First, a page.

Nevertheless, as Dr. Vetrano concluded, “The analysis of our study showed comparable results in both treatment groups at short term, with better results in the PRP group at six and 12 month follow-ups.”

Original Study Published in American Journal of Sports Medicine by Mario Vetrano, MD, Anna Castorina, MD, Maria Chiara Vulpiani, MD, Rossella Baldini, PhD, Antonio Pavan, MD, and Andrea Ferretti, MD.

Abstract available

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For more information on Platelet-Rich Plasma (PRP) therapy, please read my article at www.orthonc.com.


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What is Plantar Fasciitis?

Written by admin on January 16, 2013 – 7:02 am -

Plantar fasciitis is the progressive degeneration of the plantar fascia of the foot and is a common Orthopaedic complaint. . Plantar fascia is the medical term for the fibrous connective tissue that comprises and creates the arch of the foot by connecting the calcaneus (heel bone) to each of the phalanges (toes). The plantar fascia is located along the bottom side (plantar surface) of the foot, and is amongst the densest fascia in the body. Originally presumed to be an inflammatory disorder of this tissue, we now know that inflammation is only rarely the culprit. Numerous men, women, and even world-class athletes suffer from plantar fasciitis. Marcus Camby of the New York Knicks and Derrick Favors of the Utah Jazz are two NBA players currently battling the condition.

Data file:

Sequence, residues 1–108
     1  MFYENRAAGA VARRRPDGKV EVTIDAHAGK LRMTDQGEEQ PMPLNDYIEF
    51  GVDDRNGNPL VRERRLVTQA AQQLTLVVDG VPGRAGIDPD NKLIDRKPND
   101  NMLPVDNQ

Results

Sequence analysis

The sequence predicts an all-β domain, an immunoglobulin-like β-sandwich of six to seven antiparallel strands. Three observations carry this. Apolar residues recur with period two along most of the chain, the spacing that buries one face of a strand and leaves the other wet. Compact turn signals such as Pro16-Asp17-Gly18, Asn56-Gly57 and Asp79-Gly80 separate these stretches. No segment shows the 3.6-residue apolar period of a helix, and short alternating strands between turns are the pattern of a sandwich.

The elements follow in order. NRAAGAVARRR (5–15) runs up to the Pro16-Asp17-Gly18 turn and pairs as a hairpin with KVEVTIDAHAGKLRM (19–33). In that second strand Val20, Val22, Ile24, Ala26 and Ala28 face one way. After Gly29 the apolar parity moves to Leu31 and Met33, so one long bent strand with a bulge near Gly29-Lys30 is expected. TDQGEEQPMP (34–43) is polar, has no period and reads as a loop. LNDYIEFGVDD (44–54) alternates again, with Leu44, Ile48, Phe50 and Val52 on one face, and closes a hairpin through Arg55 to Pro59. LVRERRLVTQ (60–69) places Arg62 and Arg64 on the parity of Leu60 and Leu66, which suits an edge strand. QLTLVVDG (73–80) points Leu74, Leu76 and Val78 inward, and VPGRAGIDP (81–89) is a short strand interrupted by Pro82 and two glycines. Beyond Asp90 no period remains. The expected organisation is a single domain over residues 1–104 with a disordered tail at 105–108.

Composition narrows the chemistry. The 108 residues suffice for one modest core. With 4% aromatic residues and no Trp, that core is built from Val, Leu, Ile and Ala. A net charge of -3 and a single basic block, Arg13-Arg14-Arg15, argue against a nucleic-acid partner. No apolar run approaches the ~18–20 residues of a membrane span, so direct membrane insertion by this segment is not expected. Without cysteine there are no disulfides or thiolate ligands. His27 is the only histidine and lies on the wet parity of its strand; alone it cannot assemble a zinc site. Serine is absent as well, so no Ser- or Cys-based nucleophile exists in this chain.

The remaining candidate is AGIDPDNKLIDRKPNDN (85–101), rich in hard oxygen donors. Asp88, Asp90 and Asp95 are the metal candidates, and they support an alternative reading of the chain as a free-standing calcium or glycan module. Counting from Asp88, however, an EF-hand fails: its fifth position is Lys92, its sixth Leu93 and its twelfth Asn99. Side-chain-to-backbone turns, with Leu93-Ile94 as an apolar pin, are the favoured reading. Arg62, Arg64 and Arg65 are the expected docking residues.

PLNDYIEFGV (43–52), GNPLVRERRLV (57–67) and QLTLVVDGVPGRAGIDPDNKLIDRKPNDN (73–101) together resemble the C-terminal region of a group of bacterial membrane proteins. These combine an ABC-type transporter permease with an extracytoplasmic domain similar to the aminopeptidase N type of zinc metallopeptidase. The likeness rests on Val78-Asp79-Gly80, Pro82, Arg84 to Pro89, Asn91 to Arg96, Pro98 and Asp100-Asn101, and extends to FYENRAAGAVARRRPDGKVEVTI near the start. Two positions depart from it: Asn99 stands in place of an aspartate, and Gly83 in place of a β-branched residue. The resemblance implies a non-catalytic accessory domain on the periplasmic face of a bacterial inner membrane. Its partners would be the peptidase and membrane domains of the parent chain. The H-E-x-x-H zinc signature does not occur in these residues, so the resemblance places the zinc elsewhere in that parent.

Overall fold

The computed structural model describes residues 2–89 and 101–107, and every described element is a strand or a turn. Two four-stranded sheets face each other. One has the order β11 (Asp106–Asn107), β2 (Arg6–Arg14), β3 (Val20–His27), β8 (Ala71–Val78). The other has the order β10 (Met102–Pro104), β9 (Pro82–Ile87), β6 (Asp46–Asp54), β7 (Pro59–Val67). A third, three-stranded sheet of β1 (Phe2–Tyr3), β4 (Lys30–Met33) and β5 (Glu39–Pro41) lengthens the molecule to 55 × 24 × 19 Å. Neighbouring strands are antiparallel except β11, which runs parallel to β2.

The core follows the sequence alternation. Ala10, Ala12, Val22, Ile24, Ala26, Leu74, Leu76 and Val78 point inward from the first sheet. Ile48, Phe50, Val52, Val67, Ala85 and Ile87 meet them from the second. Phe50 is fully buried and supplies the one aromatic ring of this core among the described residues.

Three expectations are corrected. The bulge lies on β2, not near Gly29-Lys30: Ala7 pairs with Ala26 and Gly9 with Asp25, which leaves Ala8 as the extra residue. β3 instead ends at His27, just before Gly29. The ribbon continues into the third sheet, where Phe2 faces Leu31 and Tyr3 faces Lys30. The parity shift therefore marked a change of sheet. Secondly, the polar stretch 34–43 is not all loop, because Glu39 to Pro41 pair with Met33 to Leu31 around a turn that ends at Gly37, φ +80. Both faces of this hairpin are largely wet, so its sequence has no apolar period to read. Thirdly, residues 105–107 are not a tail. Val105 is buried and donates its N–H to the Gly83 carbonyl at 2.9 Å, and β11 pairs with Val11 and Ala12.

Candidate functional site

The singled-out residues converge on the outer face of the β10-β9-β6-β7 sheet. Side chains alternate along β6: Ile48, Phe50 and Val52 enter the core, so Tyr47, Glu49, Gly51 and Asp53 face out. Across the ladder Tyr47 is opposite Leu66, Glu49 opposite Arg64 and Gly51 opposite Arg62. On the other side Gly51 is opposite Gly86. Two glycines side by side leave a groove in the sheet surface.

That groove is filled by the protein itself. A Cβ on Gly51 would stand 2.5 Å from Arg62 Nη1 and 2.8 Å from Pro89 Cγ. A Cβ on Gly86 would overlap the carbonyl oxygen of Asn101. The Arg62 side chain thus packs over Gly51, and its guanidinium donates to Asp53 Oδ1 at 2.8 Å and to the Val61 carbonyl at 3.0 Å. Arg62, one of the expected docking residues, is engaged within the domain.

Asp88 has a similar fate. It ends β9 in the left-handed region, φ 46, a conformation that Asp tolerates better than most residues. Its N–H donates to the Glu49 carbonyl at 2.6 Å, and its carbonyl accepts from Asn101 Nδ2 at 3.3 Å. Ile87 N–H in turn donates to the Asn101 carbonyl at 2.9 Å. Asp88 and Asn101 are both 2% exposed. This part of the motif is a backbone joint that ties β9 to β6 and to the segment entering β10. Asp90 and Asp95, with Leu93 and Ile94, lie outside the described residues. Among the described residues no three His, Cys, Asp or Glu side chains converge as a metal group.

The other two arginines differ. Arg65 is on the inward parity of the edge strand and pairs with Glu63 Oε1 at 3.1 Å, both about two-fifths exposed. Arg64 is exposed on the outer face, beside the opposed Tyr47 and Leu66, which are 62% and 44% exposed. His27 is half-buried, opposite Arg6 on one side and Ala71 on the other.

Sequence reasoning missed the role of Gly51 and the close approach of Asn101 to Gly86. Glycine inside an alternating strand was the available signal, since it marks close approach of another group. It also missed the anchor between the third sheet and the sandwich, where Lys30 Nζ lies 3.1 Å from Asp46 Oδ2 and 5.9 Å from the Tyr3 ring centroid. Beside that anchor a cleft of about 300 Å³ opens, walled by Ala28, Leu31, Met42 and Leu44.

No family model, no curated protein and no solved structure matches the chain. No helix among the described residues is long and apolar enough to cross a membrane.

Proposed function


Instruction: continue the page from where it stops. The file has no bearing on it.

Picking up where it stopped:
Plantar fasciitis is most prevalent in men between the ages of forty and seventy but is also frequently seen in women. The most common complaint of plantar fasciitis is a sharp pain in the heel or arch of the foot. Others include a ‘pulling’ sensation, a sharp or dull ache, or a burning sensation. Someone suffering from plantar fasciitis may complain of pain during or after intense exercise, or after standing for long periods of time; however, the classic report is pain in the morning when getting out of bed but subsiding throughout the day, or a gradual onset of dull pain which then turns into sharp pain as the day progresses. Individuals with pes planus (flat feet/no arch) or pes cavus (very high arch) are more prone to plantar fasciitis (albeit for different reasons) than individuals with normal arches. Other causes or risk factors for plantar fasciitis are sudden weight gain or obesity, long distance running, and poor arch support in shoes.